There may be a couple of other factors at play here in addition to what @nebulousflynn and @ssh4 had mentioned.
1. Have you applied an alpha mask around your subject in every shot? Most photogrammetry applications do not play well with a single color background without some sort of masking going on. That white background that your subject is standing (too close to) may be throwing photoscan off.
2. Your light source looks like it's coming form a single flash on your camera. This is a no-no. The reason being is that the shadow information changes according to each shot (compare the shadow created by your nose between two photos for an example). Light your subject evenly with no harsh highlights and no deep shadows for a slightly better result. It would be best to shoot outdoor on a cloudy day if you don't have the lighting equipment.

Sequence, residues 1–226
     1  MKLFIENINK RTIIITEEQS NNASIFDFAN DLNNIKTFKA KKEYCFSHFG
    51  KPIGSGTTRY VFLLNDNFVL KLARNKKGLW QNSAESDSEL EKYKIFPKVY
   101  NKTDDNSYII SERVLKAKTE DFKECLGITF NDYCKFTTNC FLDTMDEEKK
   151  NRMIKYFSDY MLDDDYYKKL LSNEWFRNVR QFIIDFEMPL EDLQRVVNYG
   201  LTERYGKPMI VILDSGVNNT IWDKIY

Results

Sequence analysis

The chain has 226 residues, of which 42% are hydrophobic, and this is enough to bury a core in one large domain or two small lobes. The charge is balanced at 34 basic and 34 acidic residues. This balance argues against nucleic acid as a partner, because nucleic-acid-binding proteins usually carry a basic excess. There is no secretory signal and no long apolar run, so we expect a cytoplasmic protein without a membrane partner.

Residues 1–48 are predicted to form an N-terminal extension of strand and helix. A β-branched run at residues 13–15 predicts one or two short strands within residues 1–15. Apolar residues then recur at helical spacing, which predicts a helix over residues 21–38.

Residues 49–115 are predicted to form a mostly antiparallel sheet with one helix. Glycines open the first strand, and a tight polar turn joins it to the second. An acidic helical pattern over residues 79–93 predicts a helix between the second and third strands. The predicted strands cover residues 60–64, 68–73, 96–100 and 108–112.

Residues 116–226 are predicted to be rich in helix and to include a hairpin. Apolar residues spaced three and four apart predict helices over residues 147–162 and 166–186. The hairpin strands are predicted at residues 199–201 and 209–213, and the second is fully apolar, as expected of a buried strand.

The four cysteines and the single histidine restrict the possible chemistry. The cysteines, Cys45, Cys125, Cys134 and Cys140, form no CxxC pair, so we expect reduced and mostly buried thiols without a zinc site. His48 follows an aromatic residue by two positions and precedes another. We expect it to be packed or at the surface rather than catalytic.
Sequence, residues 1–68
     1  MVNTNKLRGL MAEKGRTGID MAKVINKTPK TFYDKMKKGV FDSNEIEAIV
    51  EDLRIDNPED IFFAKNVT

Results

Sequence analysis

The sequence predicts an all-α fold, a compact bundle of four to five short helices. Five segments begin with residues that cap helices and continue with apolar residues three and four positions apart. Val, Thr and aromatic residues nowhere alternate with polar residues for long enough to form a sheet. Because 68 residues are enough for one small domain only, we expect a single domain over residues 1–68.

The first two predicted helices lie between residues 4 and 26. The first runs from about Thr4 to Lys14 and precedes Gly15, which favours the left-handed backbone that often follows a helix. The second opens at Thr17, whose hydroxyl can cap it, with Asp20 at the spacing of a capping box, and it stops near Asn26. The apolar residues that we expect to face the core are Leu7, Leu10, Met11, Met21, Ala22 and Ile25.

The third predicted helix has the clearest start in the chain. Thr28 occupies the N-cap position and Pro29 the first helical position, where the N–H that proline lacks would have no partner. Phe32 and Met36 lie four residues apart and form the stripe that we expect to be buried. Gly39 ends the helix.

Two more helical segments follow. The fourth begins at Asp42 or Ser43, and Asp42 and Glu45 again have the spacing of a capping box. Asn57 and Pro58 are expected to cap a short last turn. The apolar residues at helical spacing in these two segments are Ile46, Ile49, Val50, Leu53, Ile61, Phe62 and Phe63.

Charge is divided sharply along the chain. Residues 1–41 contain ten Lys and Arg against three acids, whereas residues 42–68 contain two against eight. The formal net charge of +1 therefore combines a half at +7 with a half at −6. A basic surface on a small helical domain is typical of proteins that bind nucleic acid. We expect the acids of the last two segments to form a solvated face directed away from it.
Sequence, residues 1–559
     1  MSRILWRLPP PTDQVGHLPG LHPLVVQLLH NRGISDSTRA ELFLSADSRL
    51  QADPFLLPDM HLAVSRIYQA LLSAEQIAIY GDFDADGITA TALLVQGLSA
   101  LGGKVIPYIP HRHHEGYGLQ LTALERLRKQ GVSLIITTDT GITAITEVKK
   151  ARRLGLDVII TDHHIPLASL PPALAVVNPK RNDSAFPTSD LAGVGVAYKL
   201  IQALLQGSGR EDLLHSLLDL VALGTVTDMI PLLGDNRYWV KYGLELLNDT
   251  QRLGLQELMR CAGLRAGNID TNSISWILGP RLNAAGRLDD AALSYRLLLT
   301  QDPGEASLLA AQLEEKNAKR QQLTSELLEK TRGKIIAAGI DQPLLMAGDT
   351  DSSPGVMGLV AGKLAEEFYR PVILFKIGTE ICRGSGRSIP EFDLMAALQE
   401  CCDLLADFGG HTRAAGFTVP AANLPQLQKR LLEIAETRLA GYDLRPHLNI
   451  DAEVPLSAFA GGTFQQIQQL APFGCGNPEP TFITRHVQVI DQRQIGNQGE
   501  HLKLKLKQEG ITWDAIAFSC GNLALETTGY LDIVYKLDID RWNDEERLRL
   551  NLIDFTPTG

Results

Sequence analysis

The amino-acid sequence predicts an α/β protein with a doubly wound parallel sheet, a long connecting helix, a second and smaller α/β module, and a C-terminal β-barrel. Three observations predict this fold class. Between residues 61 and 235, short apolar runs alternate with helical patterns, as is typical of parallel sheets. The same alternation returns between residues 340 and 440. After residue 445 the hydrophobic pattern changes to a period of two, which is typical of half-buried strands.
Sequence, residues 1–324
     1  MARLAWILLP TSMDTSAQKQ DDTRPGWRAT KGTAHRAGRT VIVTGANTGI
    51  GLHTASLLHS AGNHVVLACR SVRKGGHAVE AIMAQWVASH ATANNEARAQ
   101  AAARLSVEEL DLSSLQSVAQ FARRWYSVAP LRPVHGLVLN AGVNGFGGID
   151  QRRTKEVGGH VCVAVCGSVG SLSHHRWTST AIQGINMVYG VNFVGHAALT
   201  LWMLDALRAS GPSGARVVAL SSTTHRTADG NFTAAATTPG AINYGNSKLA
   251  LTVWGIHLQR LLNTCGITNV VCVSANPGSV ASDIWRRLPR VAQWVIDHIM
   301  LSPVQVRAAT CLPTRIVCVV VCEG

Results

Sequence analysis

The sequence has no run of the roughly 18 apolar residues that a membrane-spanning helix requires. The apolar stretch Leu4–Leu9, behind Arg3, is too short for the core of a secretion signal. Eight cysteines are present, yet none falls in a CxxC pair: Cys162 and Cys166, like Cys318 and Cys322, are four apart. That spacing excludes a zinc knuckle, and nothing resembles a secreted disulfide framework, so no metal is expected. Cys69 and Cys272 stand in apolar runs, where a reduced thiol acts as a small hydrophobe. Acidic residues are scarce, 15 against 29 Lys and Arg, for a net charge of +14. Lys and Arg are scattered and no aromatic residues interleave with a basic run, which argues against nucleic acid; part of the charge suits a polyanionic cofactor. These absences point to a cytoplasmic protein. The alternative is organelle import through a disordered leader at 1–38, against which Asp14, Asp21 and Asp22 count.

There are other things to point out, but eliminate the other variables for a start, then work your way up from there.
Remember that this isn't a turnkey, point and shoot process. There's a lot of elements that go into a good scan and it takes time and work to suss out the problems and get a good final result.